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Environment‐Dependent Intraspecific Competition in Phlox Drummondii

Clay, Keith, Levin, Donald A.
Ecology 1986 v.67 no.1 pp. 37-45
Phlox drummondii, biomass, flowering, flowers, fruits, gardens, intraspecific competition, mixed stands, planting, pure stands, seedlings, seeds, soil, Texas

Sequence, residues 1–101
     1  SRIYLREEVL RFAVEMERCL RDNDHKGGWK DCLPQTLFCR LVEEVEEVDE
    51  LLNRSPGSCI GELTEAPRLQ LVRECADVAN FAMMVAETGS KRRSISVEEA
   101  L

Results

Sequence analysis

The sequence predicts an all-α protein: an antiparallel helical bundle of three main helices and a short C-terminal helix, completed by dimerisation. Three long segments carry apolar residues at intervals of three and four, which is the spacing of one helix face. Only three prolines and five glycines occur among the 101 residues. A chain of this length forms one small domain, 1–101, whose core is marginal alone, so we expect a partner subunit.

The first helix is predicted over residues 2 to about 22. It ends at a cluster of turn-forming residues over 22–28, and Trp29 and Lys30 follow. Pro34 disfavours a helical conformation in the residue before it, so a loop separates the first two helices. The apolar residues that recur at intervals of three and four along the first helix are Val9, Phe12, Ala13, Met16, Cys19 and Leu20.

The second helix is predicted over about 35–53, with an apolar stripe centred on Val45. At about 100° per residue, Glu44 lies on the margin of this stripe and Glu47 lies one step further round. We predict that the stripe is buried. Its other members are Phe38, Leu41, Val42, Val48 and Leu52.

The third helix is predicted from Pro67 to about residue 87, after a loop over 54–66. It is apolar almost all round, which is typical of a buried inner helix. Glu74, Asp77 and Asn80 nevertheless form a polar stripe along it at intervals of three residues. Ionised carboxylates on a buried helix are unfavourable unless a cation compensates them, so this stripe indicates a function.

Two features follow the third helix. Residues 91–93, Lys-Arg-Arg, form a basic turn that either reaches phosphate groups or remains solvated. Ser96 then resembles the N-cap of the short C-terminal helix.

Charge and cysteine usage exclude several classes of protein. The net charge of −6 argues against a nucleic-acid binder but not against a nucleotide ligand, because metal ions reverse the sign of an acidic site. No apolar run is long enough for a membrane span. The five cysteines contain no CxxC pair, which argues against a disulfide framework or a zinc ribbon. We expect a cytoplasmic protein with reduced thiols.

The relative success of six populations of the annual Phlox drummondii raised under conditions of intraspecific competition was studied in five field sites and an experimental garden located in central Texas. All pairwise combinations of seedlings from six Phlox populations and pure stands of each were planted at a density of eight plants per styrofoam cup. The cups were taken to the field sites, the bottoms were removed, and the cups sunk into the soil. Five replicates of each population pair were transplanted into each of the six sites from which the seeds had been collected. After the flowering season the pots were collected and the number of flowers (or fruits) and amount of biomass per plant were determined. Flower production was strongly related to biomass (° =0.96, P <.0001). In general, pure stands had higher mean flower production than mixed stands, and in mixtures there was a significant tendency for plants grown at their native site to outcomplete aliens in most sites. The production differential between natives and aliens was greater in mixed stands than in pure stands. No one population performed best in all sites and all populations performed best in all sites and all populations performed best in the experimental garden. The results indicate that Phlox drummondii is locally adapted to its microenvironment. The specific outcome of competition is dependent on the site in which competition occurs and the orgin of the competitors.